Vitex and Maca: Pros and Cons

Maca Root

Vitex and maca are two popular herbs for women's hormones.  Find out how they work and how I use them clinically below!

Mechanism of Action of Vitex (Chasteberry)

Vitex does not act as a phytoestrogen (plant estrogen.)  "Vitex instead works through another important chemical pathway, the hypothalamus-pituitary axis, to balance female hormones.  Vitex increases luteinizing hormone production while inhibiting the release of follicle stimulating hormone, leading to an indirect increase in progesterone and a normalization of prolactin levels.  The combination of actions produced by vitex seems to restore the estrogen/progesterone balance.” Source

We will learn below that maca can help both men and women with fertility.  But vitex has an opposite effect on men than on women.  Vitex can curb hypersexual tendencies in men, and can help with testosterone decreasing benefits, therefore with it help with prostate enlargement or possibly male pattern baldness. So don't share your vitex with your man.

My experience:  For the most part I've found vitex to be an extremely helpful herb in my practice, with just a couple women having a negative effect.  Please keep in mind that you will probably need to stay diligent and use for 6 months.

Does Vitex Cause Side Effects?

I’m sharing a thread I found online:  http://community.babycenter.com/post/a22279399/chasteberry_vitex_side_effects

Interestingly, the woman who started the thread because she suspected vitex as making her cycle late actually got pregnant!  However some women reported a late or early cycle, or headaches.  

We cannot say for sure if all these symptoms were due to the vitex.  However affecting the hypothalamus-pituitary axis is probably not a fit for every case of luteal phase defect or infertility. 

Mechanism of Action of Maca

Biologist Dr. Chacon has done the most important scientific work to date on the maca plant. Dr. Chacon isolated four alkaloids from the maca root and carried out animal studies with male and female rats given either powdered maca root or alkaloids isolated from the roots. In comparison with the animal control groups, those receiving either root powder or alkaloids showed multiple egg follicle maturation in females and, in males, significantly higher sperm production and motility rates than control groups.

Dr. Chacon established that it was the alkaloids in the maca root, not its plant hormones, that produced fertility effects on the ovaries and testes of the rats. These effects are measurable within 72 hours of dosing the animals.  Through the experiments, she deduced that the alkaloids were acting on the hypothalamus-pituitary gland, which explains why both male and female rats were afflicted in a gender-appropriate manner. This also explains why the effects in humans are not limited to ovaries and testes, but also act on the adrenals, giving a feeling of greater energy and vitality, and on the pancreas and thyroid as well.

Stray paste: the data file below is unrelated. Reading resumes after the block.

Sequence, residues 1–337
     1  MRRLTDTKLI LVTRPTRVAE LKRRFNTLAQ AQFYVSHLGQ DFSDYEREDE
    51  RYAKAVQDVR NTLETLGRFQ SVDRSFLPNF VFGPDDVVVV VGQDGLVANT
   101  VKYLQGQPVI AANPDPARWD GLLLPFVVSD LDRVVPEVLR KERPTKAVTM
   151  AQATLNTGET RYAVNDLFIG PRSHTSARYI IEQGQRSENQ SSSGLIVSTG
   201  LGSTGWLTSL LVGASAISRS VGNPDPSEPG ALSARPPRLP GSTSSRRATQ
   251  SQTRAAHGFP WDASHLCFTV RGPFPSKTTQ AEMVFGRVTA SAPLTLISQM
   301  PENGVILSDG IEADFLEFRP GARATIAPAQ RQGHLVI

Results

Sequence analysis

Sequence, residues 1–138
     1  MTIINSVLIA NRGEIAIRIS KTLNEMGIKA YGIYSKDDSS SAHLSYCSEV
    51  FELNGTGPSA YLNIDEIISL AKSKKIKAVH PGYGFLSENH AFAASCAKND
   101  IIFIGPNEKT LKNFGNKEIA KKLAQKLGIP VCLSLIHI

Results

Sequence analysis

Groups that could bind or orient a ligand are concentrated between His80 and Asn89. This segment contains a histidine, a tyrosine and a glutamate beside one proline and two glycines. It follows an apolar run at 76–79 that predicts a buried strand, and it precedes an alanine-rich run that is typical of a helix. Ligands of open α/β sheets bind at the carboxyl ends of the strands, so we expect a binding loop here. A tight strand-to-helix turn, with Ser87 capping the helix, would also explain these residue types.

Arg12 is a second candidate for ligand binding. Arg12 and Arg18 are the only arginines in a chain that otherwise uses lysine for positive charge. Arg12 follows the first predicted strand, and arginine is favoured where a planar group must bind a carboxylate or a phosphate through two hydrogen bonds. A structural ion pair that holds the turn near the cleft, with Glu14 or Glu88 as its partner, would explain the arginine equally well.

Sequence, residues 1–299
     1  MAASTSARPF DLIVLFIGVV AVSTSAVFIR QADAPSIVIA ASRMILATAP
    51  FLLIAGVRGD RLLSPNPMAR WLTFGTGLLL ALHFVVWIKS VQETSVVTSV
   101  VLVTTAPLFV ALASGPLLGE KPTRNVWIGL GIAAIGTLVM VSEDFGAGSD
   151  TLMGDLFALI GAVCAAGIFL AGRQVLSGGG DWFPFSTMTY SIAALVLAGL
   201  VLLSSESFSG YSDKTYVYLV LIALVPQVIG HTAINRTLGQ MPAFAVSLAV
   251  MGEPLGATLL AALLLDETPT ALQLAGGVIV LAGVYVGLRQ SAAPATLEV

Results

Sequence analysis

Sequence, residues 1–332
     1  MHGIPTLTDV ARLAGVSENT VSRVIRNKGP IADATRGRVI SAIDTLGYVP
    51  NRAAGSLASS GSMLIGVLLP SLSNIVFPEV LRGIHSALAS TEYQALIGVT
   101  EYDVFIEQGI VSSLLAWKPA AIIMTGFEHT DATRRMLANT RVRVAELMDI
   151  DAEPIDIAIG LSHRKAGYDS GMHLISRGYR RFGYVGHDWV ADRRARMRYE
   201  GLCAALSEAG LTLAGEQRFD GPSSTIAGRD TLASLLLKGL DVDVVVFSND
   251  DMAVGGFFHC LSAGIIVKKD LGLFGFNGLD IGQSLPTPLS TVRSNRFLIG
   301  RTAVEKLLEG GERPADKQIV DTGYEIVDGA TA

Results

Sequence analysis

Now practicing complementary medicine with an emphasis on the use of medicinal herbs, one of the earliest modern pioneers in the therapeutic use of this ancient herb for an urban population is Hugo Malaspina, MD, a respected cardiologist in Lima. Dr. Malaspina has been using the maca root in his practice for a decade and makes the following observations. 'There are different medicinal plants that work on the ovaries by stimulating them. With maca, though, we should say that it 'regulates' the ovarian function.’ Source

Maca is an adaptogen, which means the body will use it to self-regulate and adapt to stressors.  Maca also contains a variety of nutrients, including zinc, iodine, copper, selenium, manganese and silicon. Source

Unlike the sexual dampening effects of vitex on men, maca is often cited as helpful for sexual performance in and desire.  For women, it is helpful for fertility, PMS and in the management of perimenopause and menopausal symptoms.

My experience:  I experimented with maca about 10 years ago when I worked in an herb shoppe.  It gave me a good dose of energy.  I was cautious to use it with my clients because of some reports that it could more firmly establish an already irregular cycle.  But as I learn more, I think it will be well-tolerated by most people. 

Does Maca Cause Side Effects?

As with vitex, maca seems to work on the HP axis, and it may not be a fit for everyone.  Or, some sources say, you may have side effects at first that could pass.  One approach is to start slowly.

If you are highly sensitive to nightshades, start maca slowly to see if tolerated.

Maca also contains iodine, which may aggravate an autoimmune thyroid condition. Source

Conclusion:  

Substances that work on the hypothalamic-pituitary axis are working ‘upstream,’ as my talented Standard Process herb representative (and former midwife) Julie Shivley would say.  This is a pretty powerful place to start, so starting slowly and ‘watching and waiting’ may be advised.  

Sometimes we don’t need to go so far upstream to treat the hormones.  Sometimes we need to work more on diet and lifestyle, or focus more directly on the adrenals or the ovaries (downstream, but still potent.)  Supporting the gut and liver in detoxification of used hormones is also critical in hormone management.

If you would like to gauge your own hormone stressors, please take our Hidden Hormonal Stressors interactive quiz here!  It reviews blood sugar, thyroid imbalance, adrenal exhaustion and digestive stress as possible causes of your female cycle issues. It also includes quick tips for getting start to heal your hormones.